Intel 925X/915: Chipset Performance & DDR2by Wesley Fink on June 19, 2004 3:01 AM EST
- Posted in
IndexThe introduction of new processors from Intel is always a media event, but the launch of new Intel chipsets becomes a major event. As the largest player in the chipset market, the innovations in Intel's new chipsets always have a profound influence, not just on the Pentium 4 processor market, but on the VIA, nVidia, SiS, and other designs for both Intel and AMD Processors. Intel is more than the largest maker of chipsets, they are also the yardstick by which every other chipset and chipset maker is measured.
With the introduction of the Enthusiast 925X chipset, known as Alderwood during development, and the Mainstream 915 chipset, known as Grantsdale, Intel has raised the stakes even more than usual. Not only are we seeing new chipsets, but attached are a new CPU socket 775 called Socket T, a new bus Technology called PCI Express, a new Graphics Card slot called x16 PCIe, and a new memory technology called DDR2. Those are just the highlights, since we are also seeing additional changes attached to these technologies - like new heatsinks, new power supplies, High-Definition audio, and Matrix Raid. The last time Intel attempted such a wholesale change in PC architecture was the introduction of Pentium 4 and Rambus memory. History showed Rambus to be a failure in the market, but the rest of the technology eventually did find its way into the mainstream computer market. The changes in this round are even more profound on the surface than the Rambus introduction, since they involve even more architectural changes. These are the greatest changes to the PC in over a decade.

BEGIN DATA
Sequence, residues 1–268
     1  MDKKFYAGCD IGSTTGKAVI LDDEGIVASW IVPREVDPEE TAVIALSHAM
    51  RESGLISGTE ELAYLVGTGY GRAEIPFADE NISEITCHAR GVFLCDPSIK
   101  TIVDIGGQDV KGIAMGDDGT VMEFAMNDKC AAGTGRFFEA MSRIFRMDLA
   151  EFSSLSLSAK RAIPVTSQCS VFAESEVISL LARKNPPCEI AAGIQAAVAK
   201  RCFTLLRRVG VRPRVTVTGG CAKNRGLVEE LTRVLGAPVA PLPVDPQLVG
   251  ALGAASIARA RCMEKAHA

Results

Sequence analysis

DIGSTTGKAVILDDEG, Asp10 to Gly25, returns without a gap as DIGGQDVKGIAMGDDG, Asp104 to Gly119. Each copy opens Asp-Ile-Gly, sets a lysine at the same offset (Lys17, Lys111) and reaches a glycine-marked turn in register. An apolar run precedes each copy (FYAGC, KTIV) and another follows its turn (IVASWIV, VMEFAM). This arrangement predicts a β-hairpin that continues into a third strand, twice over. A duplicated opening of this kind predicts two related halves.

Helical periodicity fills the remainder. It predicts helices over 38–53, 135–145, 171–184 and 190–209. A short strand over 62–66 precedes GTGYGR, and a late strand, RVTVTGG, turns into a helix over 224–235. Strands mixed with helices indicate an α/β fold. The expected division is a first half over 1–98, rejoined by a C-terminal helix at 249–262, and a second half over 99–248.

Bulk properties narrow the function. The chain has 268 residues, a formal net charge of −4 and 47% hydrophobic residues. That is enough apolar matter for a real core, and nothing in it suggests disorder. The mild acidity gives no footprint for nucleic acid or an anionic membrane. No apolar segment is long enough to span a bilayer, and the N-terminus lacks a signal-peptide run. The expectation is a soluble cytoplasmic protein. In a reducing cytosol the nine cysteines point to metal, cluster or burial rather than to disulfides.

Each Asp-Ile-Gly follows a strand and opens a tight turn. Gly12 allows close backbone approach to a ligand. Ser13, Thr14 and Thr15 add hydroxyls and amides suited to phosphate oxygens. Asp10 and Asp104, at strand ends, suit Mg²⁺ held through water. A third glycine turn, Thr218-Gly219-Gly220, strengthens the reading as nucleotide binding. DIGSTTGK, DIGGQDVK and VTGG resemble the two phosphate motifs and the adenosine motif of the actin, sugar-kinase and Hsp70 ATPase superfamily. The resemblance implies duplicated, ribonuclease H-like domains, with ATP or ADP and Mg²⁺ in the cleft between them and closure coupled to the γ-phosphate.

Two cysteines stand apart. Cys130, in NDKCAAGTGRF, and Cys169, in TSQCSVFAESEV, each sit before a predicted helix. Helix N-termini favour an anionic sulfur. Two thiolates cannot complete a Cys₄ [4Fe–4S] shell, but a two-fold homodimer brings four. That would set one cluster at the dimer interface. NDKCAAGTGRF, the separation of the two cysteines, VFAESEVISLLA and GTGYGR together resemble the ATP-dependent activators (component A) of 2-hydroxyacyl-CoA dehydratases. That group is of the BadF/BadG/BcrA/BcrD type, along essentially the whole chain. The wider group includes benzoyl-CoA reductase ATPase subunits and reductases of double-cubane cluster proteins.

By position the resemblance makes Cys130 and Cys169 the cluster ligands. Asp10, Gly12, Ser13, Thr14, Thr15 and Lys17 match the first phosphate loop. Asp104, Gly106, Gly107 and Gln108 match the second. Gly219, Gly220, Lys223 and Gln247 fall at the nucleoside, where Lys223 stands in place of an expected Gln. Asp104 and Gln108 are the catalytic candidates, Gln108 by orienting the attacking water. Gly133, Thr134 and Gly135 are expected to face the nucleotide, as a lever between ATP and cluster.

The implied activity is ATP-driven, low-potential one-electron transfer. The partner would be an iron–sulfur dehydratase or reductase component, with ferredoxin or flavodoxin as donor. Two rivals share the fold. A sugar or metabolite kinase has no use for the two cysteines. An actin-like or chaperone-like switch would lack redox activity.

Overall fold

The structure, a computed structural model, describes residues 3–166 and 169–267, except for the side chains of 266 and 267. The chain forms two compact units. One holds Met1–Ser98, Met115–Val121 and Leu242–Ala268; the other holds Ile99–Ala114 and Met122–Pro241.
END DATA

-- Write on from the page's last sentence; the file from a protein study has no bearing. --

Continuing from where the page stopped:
All of this means that Intel plans to change almost everything about your PC. With all the new slots, sockets, peripherals and connectors, we take a closer look at whether the new also means improved performance. How does 925X perform compared to 875P? What are the performance differences in the 925X and 915 chipsets? Does DDR2 really perform better than DDR?